The first book that I had to read as part of my school curriculum. I studied Of Mice and Men for my GCSE English Literature exam and rather surprisingly I really enjoyed it; not that I mentioned that to my school friends at the time because you know “euch reading sucked!!”. Set in the Dust Bowl in America shortly after the Wall Street Crash of 1929. Of Mice and Men follows the lives of two itinerant workers George and his intellectually disabled friend Lennie.

Oh God it’s a wonderful book. It is technically a novella and its structure is crucial to its storyline. At only six chapters long you can feel that every word is carefully chosen and every moment crucial to the story. Yet for such a short book so much is explored: race, gender, disability, revenge, jealousy, love; the entire human condition is examined in just over 100 pages. It is a book that needs to be examined in close detail to be appreciated for so much slips through the net of observation on first reading it. The animal references, at first appear trivial and then they morph into one of my favourite literary examples of foreshadowing.

The character’s names as well. At first you give them no notice and then with the information that George means farmer and Lennie derives from lion ever metaphor comes full circle in a way so satisfying it’s like a perfect cadence at the end of a piece of Baroque music.

I also wish to point out that I have never read a book with so many disabled characters in it. If every thing else is ignored this book could be interpreted as a criticism of the ill treatment of disabled people. Disability in the novella means insecurity, for Lennie, for Candy and for Crooks, not to mention Candy’s dog and Steinbeck gives a voice to those so frequently silenced or ignored completely.

It would be naive not to mention the context in which this book was written. Life was horrific for many in the Great Depression but especially in the Dust Bowl, where people lived entirely on ‘the fatta the land’ as Steinbeck calls it. When drought struck, desperate people were now not just impoverished but starving. And yet the characters in the book all have dreams, The American Dream you could say of living a quite life and bettering themselves. But Steinbeck never allows the reader to believe that there is any hope for the dreams of George and Lennie. Their destitution is so complete the audience never escapes the sense of foreboding that builds throughout the novella to its inevitable tragic end.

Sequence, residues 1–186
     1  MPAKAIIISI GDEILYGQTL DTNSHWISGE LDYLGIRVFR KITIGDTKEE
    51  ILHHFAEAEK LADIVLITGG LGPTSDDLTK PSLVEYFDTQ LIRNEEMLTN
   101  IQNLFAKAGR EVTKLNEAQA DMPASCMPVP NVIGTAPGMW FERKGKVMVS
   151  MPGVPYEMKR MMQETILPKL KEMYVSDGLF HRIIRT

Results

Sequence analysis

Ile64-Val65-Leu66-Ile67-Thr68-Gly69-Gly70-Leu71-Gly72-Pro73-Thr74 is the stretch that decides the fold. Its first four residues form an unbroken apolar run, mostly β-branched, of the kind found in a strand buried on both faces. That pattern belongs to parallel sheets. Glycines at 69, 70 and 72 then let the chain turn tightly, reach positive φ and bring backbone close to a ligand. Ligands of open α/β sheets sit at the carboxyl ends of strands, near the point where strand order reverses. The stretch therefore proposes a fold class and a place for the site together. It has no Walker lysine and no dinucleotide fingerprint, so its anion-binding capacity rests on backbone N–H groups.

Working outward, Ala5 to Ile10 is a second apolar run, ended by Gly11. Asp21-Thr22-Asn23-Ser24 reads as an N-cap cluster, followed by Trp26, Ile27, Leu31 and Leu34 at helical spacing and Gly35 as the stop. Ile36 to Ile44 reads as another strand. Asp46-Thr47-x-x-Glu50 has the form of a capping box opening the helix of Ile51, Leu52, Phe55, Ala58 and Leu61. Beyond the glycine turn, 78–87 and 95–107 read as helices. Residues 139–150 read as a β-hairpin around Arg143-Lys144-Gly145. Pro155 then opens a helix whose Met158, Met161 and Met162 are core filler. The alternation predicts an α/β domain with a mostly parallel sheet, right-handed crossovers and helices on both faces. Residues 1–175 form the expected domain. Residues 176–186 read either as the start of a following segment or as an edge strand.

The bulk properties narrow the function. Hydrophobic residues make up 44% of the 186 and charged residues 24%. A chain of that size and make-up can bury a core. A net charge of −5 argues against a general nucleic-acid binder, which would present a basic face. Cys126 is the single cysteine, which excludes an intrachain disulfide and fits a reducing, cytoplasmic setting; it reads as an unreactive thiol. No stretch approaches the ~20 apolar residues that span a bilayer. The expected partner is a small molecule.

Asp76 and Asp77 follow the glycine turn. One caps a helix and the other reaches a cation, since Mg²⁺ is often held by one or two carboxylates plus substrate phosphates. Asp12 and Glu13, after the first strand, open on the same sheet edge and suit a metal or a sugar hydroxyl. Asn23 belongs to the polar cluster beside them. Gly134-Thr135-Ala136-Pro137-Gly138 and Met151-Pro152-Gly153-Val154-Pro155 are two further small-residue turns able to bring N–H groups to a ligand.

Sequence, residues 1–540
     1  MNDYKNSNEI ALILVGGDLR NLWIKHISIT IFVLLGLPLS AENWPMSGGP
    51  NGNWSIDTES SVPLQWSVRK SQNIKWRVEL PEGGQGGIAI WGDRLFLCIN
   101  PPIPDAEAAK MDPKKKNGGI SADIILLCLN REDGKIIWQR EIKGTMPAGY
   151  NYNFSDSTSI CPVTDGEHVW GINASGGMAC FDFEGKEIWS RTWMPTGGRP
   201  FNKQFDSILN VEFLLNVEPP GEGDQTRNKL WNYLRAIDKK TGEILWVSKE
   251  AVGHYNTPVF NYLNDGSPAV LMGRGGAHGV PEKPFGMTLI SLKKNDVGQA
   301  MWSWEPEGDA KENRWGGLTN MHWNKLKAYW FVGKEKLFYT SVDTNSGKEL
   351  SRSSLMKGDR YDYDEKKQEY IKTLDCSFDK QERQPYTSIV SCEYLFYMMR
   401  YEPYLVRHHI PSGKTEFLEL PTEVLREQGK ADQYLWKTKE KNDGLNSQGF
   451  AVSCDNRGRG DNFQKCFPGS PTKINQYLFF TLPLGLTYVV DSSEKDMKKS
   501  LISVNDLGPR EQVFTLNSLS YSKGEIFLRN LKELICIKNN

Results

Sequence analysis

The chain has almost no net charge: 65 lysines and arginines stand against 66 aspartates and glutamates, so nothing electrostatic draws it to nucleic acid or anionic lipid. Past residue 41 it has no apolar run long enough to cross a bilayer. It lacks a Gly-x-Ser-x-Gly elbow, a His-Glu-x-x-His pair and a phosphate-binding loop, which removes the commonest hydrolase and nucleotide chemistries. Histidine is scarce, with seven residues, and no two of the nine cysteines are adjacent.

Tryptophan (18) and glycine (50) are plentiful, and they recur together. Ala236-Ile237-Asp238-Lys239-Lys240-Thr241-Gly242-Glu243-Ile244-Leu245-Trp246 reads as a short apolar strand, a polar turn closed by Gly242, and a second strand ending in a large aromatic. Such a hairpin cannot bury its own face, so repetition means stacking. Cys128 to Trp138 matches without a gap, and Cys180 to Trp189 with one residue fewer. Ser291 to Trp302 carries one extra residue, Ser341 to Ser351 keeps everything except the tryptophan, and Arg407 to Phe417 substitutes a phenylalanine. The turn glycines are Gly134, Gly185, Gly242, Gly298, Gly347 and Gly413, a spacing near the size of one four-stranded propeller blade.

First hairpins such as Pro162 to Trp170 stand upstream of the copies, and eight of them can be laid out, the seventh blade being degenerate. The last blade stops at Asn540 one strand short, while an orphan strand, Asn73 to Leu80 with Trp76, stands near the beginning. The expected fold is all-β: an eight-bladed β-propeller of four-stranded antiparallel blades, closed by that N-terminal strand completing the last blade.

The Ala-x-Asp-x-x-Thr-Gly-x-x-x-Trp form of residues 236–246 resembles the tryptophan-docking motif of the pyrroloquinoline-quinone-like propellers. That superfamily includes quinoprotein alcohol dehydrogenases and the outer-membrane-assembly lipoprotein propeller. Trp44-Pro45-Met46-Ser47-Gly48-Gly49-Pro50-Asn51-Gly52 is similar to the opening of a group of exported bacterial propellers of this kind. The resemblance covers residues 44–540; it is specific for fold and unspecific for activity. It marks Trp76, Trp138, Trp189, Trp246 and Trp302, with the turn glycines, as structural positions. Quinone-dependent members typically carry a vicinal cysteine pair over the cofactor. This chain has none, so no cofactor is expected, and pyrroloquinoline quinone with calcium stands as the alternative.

Rating: 4.5/5

Would recommend to: everybody

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The Big Read

Books from Childhood No. 66 – The Magic Faraway Tree, Enid Blyton

Now this was my kind of childhood book. Nothing much happens but there is a riot of imagination and adventure. When Rick goes to stay with his cousins Joe, Beth and Frannie (I just found out that they changed their names from Dick and Fannie because of the sexual connotations. Right like that wouldn’t have gone way over my head as a child) they take him to the enchanted wood to meet their friends in the magic faraway tree; a tree so tall that there are several different worlds at the top.

I remember very little of what happens and lots of my memories are jumbled together with the other books in the series. I know at some point there is fudge making and I seem to remember something about wanting to get off a roundabout but I have no idea whether that actually happened.

Growing up in the countryside I would always look at the enormous old trees near where I lived and wonder if Moon-face was up there with the Saucepan Man and whether I would be able to climb to the top and find out. I liked the idea that there was endless worlds just out of reach in the tree tops. I can’t remember any moral or message from this book so if there ever was one it was probably pretty lame; it was just fun.

Rating: 4/5

Would recommend to: parents to read as a bed time story.